Parliamentary Replies
Published Date: 20 October 2022

Reply to Parliamentary Question on prevalence use of cashless payment platforms and number of scam cases involving Scan and Pay transactions





Date: For Parliament Sitting on 20 October 2022

Name and Constituency of Member of Parliament

Mr Gan Thiam Poh, MP, Ang Mo Kio GRC


To ask the Prime Minister (a) how many Singaporeans and permanent residents have registered for PayNow, Scan and Pay or similar cashless payment platforms that are currently available in the market; (b) what is the average percentage use of each of these platforms since their launch; (c) how many scam cases involving Scan and Pay transactions have been reported to-date; and (d) what are the measures taken to prevent perpetrators from victimising Scan and Pay users.

Answer by Mr Tharman Shanmugaratnam, Senior Minister and Minister in charge of MAS:

1. There are now nearly 5.5 million bank accounts registered with PayNow. Of these, 3 million are linked to mobile phone numbers, 2 million linked to NRIC numbers, and half a million linked to Foreign Identification Numbers (FINs). Usage of PayNow, including payments to merchants and businesses, reached S$46 billion in 2021. 

2. SGQR is the primary means for Scan and Pay to merchants in Singapore. Launched by MAS and IMDA in 2018, it is the world’s first standard for a unified payment QR code, allowing multiple payment schemes to be combined into a single SGQR label. SGQR’s participating payment schemes include widely used schemes such as PayNow, Dash, FavePay, and GrabPay. PayNow is the top payment scheme in SGQR and is accepted in more than half of the total SGQR labels in use island-wide.

3. The adoption of SGQR has helped to make e-payments safer for merchants who only need to maintain a single SGQR label and guard it against tampering. Currently, more than 210,000 merchants operating across various service industries, including retail stores in shopping malls and food stalls at hawker centres, offer SGQR as a means of payment acceptance. This accounts for over 90% of merchants in Singapore.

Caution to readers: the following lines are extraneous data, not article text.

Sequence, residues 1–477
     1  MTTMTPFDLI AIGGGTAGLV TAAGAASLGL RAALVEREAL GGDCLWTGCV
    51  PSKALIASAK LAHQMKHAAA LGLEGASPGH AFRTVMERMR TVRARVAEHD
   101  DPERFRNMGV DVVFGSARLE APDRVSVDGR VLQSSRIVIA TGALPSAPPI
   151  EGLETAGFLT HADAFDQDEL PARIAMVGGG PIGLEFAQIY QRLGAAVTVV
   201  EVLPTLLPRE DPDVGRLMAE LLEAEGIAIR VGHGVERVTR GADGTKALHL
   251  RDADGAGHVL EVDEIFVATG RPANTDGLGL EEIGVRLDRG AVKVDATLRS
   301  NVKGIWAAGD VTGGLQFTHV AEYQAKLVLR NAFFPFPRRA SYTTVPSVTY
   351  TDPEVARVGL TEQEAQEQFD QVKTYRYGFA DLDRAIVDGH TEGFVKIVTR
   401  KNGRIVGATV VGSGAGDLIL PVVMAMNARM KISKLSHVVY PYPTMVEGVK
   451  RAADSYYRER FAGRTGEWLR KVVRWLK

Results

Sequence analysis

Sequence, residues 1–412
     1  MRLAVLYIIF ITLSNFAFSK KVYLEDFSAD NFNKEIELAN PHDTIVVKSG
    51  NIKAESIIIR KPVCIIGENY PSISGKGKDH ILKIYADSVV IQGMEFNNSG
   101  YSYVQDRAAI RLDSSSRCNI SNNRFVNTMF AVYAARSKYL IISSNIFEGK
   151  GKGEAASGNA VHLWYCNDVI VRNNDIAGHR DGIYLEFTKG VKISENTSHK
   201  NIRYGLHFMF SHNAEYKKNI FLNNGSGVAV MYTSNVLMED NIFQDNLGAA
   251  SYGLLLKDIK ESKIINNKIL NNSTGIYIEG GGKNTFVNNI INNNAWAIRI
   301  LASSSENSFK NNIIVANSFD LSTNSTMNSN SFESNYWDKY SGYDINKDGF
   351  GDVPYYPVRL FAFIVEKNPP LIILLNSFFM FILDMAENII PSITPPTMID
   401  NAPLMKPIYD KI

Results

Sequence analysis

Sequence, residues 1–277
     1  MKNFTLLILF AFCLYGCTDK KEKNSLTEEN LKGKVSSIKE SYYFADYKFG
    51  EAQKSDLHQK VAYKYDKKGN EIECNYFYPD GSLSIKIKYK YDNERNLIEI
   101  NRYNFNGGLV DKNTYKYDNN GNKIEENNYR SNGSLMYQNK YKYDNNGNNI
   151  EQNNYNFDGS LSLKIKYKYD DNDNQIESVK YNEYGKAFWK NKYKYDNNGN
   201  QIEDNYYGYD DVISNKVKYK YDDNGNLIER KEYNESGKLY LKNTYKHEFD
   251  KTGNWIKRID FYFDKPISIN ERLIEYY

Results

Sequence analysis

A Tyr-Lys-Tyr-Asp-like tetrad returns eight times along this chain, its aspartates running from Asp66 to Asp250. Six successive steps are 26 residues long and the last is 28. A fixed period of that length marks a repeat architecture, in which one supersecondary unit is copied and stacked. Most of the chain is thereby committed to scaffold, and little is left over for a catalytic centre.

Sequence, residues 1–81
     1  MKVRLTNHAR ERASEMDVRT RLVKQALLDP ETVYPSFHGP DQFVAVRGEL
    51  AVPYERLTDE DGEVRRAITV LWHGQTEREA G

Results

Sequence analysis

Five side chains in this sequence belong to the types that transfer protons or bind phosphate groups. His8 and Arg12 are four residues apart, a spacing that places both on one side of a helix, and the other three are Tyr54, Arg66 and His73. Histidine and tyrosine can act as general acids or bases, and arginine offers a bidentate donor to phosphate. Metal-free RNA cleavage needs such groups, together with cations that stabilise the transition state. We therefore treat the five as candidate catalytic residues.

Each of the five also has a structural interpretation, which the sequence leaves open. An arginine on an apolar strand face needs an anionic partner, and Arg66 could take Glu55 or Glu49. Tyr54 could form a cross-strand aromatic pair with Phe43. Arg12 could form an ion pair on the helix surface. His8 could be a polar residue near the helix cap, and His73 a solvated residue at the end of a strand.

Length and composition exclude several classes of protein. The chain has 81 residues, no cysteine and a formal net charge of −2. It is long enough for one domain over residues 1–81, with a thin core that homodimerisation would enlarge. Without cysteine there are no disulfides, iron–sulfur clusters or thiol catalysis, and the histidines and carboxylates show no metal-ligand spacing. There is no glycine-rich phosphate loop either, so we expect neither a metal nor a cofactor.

4. The Singapore Police Force (SPF) has been monitoring scam cases where fake payment QR codes were generated to divert payments meant for legitimate merchants. There have also been cases where legitimate merchants were defrauded by persons who were meant to make Scan and Pay transactions but did not do so. Based on data provided by the SPF, both scam types are not prevalent. From 2020 to the first half of 2022, there were a total of 20 cases reported. 

5. MAS has stepped up efforts to educate both consumers and merchants on using e-payments safely. In addition to general e-payment consumer guides on the MoneySense website, the MAS webpage on SGQR contains safety practices for consumers. Consumers should check the merchant’s name on their payment app against the name displayed on the SGQR label after scanning the QR code to make sure that they are paying the intended merchant. The SGQR membership rules also require its merchant acquirers to educate merchants on how to verify payments received through the SGQR label and to protect the label against potential fraud. 

6. Under the “Seniors Go Digital” programme, less digitally savvy individuals, including seniors, are trained in basic digital skills such as transacting online and making e-payments. Seniors are also taught about cyber risks and threats, and how to keep themselves safe online. This is done through 1-to-1 lessons at SG Digital community hubs located in selected community clubs and public libraries around the island. 

7. MAS continues to work closely with the industry and other government agencies to review and enhance the suite of anti-scam measures, including scams committed via Scan and Pay mode. Any persons found involved in scams and frauds will be dealt with firmly in accordance with the law.  Consumers should remain vigilant to ensure they are making payments to the intended merchants.